Line of Sight vs Viewshed: Visibility Analysis

How to perform visibility analysis in GIS

Line Of Site Viewshed Visibility Analysis
Line of site vs viewshed - How to perform visibility analysis?

Last Updated: Sep 13, 2017

Line of Sight vs Viewshed

When I was 5 years old, I used to play hide-and-seek with my friends. Just like any kid, I’d always try to find the best hiding spots. I used to wonder:

If I hide in this spot, what is visible from the observer’s point of view all around them (viewsheds)?

Or if the observer looks in a straight line, what is obstructed or not (line of sight)?

In a game of cat and mouse, viewsheds and line of sight would be your secret weapon of choice. This is why the military often use these tools with very accurate digital elevation models.

Line of Sight: Obstructed and Non-Obstructed Along a Line

The line of sight analysis uses a polyline as input. From an observer’s point of view, it determines where they have a clear view. The tool cuts the line up into obstructed and non-obstructed sections.

Because line of sight determines what is visible and hidden along a line, the input is a polyline. Also, it’s important how you draw the line. For example, the order you draw vertices determines the start and end point of the visibility analysis.

Lastly, you will need an elevation surface. Line of sight uses elevation to determine what is visible or not. For example, here is a polyline from an observer’s point of view:

Line of sight
Line of sight from observer point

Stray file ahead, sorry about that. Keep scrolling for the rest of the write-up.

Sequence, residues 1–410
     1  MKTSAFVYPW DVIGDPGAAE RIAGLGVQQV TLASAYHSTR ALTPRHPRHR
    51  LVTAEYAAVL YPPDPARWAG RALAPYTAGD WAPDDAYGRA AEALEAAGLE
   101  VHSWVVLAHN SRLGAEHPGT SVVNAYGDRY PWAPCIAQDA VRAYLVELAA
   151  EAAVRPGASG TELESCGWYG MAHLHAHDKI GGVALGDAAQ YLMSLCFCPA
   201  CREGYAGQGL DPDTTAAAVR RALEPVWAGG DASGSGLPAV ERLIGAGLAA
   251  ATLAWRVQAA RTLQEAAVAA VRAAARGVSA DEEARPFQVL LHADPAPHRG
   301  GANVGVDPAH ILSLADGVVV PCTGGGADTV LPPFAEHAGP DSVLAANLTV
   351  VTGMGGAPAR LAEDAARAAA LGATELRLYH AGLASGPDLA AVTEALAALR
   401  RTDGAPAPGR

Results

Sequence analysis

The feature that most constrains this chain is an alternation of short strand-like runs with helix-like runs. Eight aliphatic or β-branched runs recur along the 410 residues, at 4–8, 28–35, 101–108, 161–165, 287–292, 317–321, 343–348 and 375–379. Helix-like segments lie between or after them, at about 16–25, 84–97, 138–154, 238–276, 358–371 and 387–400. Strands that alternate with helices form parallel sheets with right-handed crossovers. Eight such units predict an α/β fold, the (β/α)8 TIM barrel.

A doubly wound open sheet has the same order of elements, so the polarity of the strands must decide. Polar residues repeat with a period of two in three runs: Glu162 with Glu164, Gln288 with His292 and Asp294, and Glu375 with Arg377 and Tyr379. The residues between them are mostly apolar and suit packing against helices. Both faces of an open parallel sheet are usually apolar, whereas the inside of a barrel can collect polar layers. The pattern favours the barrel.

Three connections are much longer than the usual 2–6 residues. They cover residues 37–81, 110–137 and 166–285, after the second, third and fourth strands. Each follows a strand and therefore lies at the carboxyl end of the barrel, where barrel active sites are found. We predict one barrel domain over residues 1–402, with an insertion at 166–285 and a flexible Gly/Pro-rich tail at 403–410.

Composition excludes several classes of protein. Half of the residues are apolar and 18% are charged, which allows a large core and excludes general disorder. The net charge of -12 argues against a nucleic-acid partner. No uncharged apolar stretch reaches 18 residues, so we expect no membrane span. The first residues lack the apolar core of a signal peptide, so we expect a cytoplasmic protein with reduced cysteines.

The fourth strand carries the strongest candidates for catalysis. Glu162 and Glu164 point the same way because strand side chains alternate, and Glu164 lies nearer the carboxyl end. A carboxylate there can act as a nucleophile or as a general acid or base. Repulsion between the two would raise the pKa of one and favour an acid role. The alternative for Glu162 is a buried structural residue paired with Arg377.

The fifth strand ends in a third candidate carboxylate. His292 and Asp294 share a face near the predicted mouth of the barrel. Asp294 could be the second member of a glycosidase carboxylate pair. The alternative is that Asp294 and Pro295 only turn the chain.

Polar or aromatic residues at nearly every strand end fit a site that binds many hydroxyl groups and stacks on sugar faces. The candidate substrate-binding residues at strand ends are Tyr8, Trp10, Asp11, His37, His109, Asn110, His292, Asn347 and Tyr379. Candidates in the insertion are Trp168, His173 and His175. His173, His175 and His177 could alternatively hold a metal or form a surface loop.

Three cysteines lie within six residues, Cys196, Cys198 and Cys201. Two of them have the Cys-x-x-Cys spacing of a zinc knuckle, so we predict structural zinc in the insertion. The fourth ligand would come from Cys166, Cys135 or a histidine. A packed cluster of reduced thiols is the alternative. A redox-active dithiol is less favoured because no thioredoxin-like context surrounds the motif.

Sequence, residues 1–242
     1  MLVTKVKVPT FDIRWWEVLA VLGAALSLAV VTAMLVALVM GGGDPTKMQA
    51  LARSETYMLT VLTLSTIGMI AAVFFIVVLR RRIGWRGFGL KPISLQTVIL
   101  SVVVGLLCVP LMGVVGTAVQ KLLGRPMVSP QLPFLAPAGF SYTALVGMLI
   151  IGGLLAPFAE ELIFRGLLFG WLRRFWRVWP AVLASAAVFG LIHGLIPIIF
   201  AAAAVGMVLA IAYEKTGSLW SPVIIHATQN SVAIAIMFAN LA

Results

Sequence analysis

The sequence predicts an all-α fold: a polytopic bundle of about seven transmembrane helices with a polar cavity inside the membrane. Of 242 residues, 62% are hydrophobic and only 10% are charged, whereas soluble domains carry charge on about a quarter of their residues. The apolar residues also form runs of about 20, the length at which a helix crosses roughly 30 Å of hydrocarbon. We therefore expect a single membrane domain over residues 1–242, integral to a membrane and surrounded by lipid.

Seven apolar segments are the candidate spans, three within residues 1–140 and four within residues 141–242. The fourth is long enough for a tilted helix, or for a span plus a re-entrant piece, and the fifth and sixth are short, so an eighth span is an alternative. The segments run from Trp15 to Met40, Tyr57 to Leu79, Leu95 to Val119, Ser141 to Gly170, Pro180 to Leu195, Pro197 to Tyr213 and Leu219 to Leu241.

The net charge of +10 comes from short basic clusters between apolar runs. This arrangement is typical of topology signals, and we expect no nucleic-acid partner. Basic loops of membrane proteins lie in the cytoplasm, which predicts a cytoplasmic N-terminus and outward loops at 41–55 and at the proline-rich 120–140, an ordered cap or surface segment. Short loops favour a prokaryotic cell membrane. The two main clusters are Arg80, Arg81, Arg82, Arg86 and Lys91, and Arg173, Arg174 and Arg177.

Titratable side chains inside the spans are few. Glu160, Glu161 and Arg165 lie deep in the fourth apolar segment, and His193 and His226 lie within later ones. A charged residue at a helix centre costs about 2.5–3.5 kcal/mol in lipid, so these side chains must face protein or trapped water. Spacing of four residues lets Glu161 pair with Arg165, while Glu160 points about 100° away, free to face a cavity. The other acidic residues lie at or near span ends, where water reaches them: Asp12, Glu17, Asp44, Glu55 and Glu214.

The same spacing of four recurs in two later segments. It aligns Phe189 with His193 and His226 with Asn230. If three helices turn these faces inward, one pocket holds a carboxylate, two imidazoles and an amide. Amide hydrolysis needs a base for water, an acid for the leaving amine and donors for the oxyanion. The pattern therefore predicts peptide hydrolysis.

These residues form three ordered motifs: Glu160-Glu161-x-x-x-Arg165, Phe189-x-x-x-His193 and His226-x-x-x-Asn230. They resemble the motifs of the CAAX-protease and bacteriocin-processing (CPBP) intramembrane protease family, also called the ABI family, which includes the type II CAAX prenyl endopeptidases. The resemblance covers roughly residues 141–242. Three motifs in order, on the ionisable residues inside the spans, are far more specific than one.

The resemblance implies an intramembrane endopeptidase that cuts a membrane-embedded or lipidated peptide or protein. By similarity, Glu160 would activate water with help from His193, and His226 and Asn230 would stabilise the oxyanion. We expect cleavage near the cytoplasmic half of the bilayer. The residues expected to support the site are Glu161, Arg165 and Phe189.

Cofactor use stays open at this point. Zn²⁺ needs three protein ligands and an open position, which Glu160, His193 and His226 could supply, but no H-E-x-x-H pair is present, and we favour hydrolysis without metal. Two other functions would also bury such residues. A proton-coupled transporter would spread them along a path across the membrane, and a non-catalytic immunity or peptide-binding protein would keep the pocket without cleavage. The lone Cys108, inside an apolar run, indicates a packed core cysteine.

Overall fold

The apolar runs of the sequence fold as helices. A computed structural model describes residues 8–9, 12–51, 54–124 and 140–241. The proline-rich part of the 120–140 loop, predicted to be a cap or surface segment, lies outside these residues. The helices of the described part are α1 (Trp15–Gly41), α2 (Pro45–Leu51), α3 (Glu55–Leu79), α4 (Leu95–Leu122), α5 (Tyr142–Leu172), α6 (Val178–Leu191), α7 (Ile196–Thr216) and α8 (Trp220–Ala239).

As shown below, the line of sight tool breaks the line up into obstructed and unobstructed sections.

Line of sight
Line of sight showing visible (green) and non-visible (red) along line.

Viewshed Analysis: Visible and Non-Visible from Observer

On the other hand, a viewsheds analysis determines locations visible to an observer in all directions. In this type of analysis, it shows visible and non-visible in all of the surrounding areas.

Instead of using a straight line as an input, viewshed analysis uses a single point.

Likewise, we try to understand visibility from an observer’s point of view. But instead it’s a raster output indicating visibility. For example, you simply place an observer point on the map.

Viewshed observer point
A point representing an observer point of view

In the result below, we see the viewshed in green from a point.

Viewshed analysis displaying visible areas from observer point.

This extent is how far the observer can see, usually in raster format. In other words, if you look in 360 degrees, this is what is visible to the observer.

Visibility Analysis Applications

Although line of sight and viewshed are both visibility analysis, they produce different results.

Whether it’s line of sight or a viewshed, both enable you to understand distance with sight. While line of sight carves out a straight line as obstructed and non-obstructed, viewshed dictates all visible areas from an observer’s point of view.

Amongst other GIS applications, we often use visibility analysis in real estate, construction and military applications.

Imagine using these types of analysis in a game of hide and seek. You’d be unstoppable. Where else do you see viewshed and line of sight in the world today?

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